In this scenario, we wrote a six-hundred word opinion piece on the topic of David Cameron's 'Big Society' concept, which was then assessed by another student.
There isn't any group who won't benefit from the implementation of Cameron's 'Big Society' proposal, the dramatic 'devolution of power from the elites in Whitehall'. By dumping responsibility for local government spending in the laps of the citizenry, irate residents will now be at the throats of their Councillors, rather than their MPs, who can now fiddle their expenses and vote through policy without distraction.
By permitting the establishment of independent state schools at the same time he has cut the education budget, he has provided more pupil spaces and the freedom of teaching ethics at the same time he has taken away the funding from the education sector needed to expand regulatory bodies to monitor these new institutions.
As local residents are being buried in an influx of expensive bureaucracy and irrelevant policies, they will be less inclined to pay attention to the deep divisions within the Coalition central government, allowing Cameron to rein in those wayward Liberals not yet bribed with a sniff of power. As the public sector reels from nearly half a million job cuts, the Prime Minister can proudly point to his fabled 'third sector' of volunteers now in work – for little or no pay, with minimal training and woeful oversight by a skeleton staff of civil servants.
As the scheme is slowly and painfully applied, Cameron has already deployed his excuses and can toss any complaints onto the fire of 'it would be naive to think society would miraculously spring up if government rolled back' . As we tighten the belt ever more on our economy, the Prime Minister has assured us funding will come from a 'Big Society Bank' comprised of funding received from dormant bank accounts across the UK. I'm glad I'm playing my part then; when I tried to recover an account held in my name by an elderly relative, I was informed it had simply been too long since the money was accessed to be returned.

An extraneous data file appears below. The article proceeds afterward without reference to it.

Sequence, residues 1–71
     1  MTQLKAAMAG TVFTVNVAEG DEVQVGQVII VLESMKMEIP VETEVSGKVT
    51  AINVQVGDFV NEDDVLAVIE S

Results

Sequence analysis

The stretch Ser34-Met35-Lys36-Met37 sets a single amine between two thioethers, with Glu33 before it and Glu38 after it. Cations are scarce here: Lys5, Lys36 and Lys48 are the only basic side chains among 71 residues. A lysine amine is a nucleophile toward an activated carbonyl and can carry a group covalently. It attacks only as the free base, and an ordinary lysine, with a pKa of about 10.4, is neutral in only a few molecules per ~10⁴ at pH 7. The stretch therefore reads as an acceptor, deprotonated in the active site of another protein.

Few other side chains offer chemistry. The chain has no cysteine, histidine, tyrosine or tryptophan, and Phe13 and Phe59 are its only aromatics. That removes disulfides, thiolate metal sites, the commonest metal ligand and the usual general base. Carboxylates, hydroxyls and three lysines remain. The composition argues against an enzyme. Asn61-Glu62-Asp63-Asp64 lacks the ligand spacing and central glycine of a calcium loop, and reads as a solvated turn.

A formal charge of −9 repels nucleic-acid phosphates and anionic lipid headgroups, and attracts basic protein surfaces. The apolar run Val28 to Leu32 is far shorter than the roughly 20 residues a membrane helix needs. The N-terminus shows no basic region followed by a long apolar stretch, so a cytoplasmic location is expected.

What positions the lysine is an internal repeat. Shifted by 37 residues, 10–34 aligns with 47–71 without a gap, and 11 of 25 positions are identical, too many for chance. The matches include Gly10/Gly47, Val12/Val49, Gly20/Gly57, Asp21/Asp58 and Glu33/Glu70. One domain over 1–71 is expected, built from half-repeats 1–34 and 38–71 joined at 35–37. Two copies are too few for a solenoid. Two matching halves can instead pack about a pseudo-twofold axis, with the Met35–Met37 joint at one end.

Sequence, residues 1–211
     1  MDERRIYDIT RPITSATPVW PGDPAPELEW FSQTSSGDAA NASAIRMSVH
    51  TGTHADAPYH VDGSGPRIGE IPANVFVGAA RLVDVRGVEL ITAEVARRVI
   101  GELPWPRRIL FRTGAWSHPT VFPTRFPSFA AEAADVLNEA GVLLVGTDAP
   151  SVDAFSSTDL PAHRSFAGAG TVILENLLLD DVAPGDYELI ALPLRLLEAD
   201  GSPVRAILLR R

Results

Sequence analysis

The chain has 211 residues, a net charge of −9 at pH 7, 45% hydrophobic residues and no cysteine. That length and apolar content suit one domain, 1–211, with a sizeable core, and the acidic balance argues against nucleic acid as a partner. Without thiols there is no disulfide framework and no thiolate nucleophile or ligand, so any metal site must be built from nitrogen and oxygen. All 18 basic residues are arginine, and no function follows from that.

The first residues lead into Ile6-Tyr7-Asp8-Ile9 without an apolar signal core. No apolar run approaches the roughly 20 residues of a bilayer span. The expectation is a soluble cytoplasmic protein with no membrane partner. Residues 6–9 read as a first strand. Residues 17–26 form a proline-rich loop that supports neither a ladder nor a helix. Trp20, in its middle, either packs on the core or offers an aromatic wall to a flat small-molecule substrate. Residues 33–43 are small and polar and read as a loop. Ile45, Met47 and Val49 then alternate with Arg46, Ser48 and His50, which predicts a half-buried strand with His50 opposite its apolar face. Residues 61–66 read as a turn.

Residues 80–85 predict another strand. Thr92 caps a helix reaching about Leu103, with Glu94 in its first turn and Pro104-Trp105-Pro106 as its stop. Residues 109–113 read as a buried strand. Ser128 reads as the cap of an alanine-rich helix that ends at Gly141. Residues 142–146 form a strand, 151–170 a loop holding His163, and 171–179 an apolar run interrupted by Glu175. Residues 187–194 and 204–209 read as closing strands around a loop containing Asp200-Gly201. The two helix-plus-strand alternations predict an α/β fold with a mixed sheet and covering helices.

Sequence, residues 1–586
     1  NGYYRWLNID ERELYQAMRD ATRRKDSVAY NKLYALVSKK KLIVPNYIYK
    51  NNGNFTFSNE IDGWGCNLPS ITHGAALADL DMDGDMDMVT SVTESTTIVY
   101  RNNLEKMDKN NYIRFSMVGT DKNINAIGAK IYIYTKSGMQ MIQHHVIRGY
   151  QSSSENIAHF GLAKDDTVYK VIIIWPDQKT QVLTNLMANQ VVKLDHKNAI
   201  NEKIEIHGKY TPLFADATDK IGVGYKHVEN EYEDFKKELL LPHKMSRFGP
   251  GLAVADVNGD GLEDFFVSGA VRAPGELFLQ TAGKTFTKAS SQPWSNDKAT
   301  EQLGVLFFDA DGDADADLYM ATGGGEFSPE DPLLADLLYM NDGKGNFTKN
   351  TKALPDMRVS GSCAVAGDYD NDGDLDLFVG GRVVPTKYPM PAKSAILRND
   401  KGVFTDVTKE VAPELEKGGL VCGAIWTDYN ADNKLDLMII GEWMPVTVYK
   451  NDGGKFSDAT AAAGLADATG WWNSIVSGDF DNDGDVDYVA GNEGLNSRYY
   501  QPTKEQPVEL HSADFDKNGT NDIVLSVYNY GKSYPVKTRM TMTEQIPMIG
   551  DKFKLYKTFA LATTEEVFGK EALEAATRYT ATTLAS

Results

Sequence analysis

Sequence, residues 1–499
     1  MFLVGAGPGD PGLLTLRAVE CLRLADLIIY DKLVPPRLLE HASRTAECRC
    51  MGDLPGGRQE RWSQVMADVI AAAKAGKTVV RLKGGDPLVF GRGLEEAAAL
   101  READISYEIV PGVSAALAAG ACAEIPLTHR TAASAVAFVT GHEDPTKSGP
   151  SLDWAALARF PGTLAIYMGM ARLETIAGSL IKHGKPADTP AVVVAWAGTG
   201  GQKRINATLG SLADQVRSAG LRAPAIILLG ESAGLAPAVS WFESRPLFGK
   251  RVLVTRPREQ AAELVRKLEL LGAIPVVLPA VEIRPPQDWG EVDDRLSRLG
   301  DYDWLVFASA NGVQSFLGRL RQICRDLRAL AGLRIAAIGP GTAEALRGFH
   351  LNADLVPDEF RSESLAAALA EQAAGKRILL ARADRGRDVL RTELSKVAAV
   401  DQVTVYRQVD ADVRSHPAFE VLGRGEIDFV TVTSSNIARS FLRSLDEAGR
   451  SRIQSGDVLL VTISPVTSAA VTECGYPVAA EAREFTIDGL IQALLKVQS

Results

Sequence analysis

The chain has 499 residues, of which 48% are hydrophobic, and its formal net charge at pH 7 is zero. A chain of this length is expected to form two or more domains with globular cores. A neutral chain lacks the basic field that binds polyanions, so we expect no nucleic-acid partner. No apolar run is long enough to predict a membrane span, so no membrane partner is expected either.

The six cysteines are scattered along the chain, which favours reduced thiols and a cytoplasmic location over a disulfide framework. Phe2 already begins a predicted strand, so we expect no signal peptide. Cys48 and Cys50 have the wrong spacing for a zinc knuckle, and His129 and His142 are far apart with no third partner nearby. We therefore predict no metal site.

Even so, the Financial Times informs us this initiative will net a mere £60 million for the project, even as Cameron can proudly say no money is coming from the strapped Treasury. Meanwhile, he can quietly get on with spending £600 million to chase £1.5 billion in benefit fraud, whilst Vodafone walk away from Revenues and Customs with £6 billion in waived taxation.
It would be nice to believe in the noble sentiments behind a dramatic reform of government and the involvement of the local resident in the running of their community, beyond picking which coddled non-entity of an MP comes from the party you dislike the least. Cameron proposed it as a policy back during his leadership bid in 2005, when the economic situation was a lot less dire, so presumably it was indeed his passion and drive to reform England. Now, it seems his passion and drive is to maintain his grip on power by burying the clamouring masses with more committees and non-governmental bodies than it knows what to do with, a solid Tory concept.
There are amusing echoes of Yes, Prime Minister in this strategy – Sir Humprey himself would be applauding as David Cameron simultaneously sells a mirage of 'local accountability' to the voters, whilst tightening Whitehall's grip by divesting it of its responsibilities at a regional level. So, there isn't a single group that won't benefit – there's just one, single, Prime Minister.